Bell says he sees the benefits and drawbacks of expanding the commission as equal. “There’s probably been no issue brought before the port … that I’ve spent more time on,” Bell said. “When it came time to decide whether or not that was a good idea, it just didn’t seem worth the risk.”
He sees the port’s inability to have meetings outside of the public eye as a benefit, rather than a drawback. He worries that if non-public discussions happen, “decisions can be made completely before the public even knows that there was an issue,” Bell said.
For candidate Krieger, “I think that the way you manage that is … if two or three commissioners are going to go have a meeting, it is a committee and it’s recorded. There’s no reason those records can’t be public.”
According to Shepard, “The port has such a broad mission that it is useful to have solid representation,” and that, for the Port of Bellingham, there’s great opportunity to have different skillsets than most ports have.
“We’ve never had somebody on the port commission who is, say, a farmer… we have not had other minorities necessarily represented on the port commission, and with greater representation, we get to bring in more diverse voices from the important economic sectors in our community and other aspects of representation,” Shepard said.
For Bell, however, “if the idea is to base your vote on gender, age or some other identity and not to look at the record of the port, I have no words. The effectiveness of this port has been off the charts.”
At the July 14 meeting last year, commissioner Bobby Briscoe said “I don’t know how we’d represent the people any better than we’re doing now. I hear this is the best commission in Port of Bellingham history. We’re doing a good job and I don’t see the need for two more people.”
The Port of Bellingham Commission meets twice monthly. Most commission votes in recent years have been unanimous.
Is it politics?
Bell believes that the issue of port districts has been coming up in Bellingham recently because the port is becoming more politicized. “I think the fact that it’s one of the last bastions of independence in the county makes it an irritant to the political parties,” Bell said.
Port commissioner positions are nonpartisan. “One of the reasons I’m running without a party is I think both parties want to control all bodies,” Bell said.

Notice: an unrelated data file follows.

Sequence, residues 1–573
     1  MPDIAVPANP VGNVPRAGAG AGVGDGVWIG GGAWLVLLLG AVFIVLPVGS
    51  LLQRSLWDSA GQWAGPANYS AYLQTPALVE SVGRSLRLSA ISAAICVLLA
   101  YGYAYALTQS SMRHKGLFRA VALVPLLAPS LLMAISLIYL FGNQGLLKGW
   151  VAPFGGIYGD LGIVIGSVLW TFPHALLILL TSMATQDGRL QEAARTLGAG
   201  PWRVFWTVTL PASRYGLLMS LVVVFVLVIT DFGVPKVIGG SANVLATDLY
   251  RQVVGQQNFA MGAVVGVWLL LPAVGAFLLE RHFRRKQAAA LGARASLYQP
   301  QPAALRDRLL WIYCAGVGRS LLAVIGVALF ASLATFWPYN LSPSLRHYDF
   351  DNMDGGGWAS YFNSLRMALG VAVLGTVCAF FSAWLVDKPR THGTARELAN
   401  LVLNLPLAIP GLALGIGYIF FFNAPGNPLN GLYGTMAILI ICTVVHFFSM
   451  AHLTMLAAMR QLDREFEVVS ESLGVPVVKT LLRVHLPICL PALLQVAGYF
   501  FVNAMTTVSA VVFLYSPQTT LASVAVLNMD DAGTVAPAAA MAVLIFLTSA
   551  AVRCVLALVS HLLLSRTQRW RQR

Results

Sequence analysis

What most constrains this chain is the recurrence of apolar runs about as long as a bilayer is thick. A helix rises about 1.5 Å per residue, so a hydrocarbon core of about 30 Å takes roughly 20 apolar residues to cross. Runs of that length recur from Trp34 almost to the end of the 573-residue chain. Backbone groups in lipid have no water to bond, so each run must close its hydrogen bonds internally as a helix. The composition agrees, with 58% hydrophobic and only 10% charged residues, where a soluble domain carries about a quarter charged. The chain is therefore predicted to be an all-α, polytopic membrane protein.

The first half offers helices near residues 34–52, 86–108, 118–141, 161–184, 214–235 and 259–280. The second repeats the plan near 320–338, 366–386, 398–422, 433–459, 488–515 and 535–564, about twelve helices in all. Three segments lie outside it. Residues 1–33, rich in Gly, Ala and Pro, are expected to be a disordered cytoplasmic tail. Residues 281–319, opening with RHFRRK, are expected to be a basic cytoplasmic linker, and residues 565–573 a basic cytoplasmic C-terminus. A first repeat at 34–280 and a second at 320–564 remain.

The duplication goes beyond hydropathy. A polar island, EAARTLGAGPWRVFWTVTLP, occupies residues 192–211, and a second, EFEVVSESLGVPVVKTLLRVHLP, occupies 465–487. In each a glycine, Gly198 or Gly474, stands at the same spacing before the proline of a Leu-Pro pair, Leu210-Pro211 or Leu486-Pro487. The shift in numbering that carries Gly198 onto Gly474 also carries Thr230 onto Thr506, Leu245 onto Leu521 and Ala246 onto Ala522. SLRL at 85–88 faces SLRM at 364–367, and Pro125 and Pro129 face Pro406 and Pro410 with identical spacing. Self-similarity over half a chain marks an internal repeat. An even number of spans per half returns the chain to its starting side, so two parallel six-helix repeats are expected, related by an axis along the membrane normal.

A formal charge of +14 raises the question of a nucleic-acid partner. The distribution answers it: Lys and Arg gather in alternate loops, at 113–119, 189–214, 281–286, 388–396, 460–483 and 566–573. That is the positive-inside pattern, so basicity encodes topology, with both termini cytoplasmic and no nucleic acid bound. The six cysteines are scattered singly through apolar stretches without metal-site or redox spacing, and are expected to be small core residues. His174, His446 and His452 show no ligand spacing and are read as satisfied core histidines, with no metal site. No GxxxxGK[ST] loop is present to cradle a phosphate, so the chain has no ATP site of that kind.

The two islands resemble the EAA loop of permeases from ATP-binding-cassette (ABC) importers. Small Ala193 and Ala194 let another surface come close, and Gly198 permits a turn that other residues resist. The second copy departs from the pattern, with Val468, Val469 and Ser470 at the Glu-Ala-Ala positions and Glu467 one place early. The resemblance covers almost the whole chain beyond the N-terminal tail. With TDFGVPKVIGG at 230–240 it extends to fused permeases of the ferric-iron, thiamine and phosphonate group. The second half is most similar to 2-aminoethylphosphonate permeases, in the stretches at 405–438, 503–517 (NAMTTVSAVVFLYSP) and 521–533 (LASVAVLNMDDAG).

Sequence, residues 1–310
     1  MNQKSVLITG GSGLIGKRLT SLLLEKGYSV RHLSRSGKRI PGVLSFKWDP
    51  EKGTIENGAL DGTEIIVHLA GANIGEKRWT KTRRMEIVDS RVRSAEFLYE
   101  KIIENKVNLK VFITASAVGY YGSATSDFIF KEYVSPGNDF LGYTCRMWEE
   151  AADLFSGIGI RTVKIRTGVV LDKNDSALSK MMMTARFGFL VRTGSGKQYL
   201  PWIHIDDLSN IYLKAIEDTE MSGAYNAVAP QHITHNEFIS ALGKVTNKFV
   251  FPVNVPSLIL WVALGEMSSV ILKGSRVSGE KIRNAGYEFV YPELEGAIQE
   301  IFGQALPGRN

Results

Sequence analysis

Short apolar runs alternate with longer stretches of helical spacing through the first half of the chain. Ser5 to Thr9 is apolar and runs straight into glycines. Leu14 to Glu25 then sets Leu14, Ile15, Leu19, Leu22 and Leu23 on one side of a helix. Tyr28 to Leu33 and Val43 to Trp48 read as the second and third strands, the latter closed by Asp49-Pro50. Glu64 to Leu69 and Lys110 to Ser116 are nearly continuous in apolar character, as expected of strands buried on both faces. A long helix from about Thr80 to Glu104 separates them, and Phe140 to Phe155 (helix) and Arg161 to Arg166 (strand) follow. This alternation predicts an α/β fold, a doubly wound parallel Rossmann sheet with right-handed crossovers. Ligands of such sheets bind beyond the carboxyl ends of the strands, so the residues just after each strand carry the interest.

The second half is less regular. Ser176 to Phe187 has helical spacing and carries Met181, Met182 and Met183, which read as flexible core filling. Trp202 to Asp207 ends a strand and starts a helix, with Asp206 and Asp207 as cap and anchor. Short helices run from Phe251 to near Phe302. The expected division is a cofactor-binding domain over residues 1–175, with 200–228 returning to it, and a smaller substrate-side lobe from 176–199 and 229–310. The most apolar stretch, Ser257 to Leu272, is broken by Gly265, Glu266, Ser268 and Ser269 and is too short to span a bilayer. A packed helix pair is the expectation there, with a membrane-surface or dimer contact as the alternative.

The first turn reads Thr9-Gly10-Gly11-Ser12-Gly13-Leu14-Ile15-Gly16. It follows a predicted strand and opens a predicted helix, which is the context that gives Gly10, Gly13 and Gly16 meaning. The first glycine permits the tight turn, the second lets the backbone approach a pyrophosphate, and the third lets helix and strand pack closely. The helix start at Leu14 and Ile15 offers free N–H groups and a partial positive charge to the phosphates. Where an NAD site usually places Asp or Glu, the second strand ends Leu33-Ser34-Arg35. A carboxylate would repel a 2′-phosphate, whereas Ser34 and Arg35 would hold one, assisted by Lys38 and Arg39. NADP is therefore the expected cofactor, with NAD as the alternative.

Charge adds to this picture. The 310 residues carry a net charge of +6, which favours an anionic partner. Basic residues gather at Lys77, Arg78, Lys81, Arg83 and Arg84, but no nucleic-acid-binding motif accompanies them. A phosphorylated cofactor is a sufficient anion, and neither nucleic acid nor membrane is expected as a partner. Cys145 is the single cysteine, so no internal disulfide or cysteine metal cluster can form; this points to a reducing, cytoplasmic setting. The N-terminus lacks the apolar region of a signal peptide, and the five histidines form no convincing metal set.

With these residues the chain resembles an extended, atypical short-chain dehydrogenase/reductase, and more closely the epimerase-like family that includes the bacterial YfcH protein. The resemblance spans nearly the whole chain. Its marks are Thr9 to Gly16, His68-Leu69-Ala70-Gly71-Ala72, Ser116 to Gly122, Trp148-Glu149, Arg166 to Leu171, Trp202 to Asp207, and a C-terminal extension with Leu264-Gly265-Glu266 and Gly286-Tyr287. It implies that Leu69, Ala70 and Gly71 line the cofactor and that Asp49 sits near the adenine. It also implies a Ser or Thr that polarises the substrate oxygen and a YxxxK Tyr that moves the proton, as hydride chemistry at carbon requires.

Bell participated in the Whatcom County Republican Party’s 2021 Lincoln Day Dinner in April, telling attendees that the Port is “one of the few places where we can actually have an impact, primarily because there’s just three of us, and it only takes two votes to make something happen, so we’ve got an advantage there.”
Briscoe was censured in 2019 by the Whatcom Democratic Party but not decertified as a Democratic candidate.
Shepard is certified as a 2021 candidate by the Whatcom Democratic Party.
Driving the local economy
The Port of Bellingham administers Bellingham International Airport, marinas, marine terminals and real estate holdings. Its mission is to “promote sustainable economic development, optimize transportation gateways, and manage publicly owned land and facilities to benefit Whatcom County.” It is the lead agency in Whatcom County for economic development.
The port anticipates a cash flow of $55.4 million in 2021, with revenues from rent, taxes, grants, reimbursements and other sources, and expenditures of $53.9 million for operating expenses, environmental cleanup efforts, principal and interest on outstanding debts, and capital investments, among other uses, according to the 2020 budget.
Some of the most significant capital projects in the 2020 budget include structural upgrades, repairs and dredging at the Bellingham Shipping Terminal, renovations to the airport, renovations at Squalicum harbor, real estate permitting improvements and renovations, and public recreation space improvements around Whatcom County.
(Ed.: Commissioner Bobby Briscoe and District 1 candidate John Huntley were contacted for this article but did not respond. Salish Current attempted to reach Darren Williams, but contact information could not be found.)
— Reported by Alex Meacham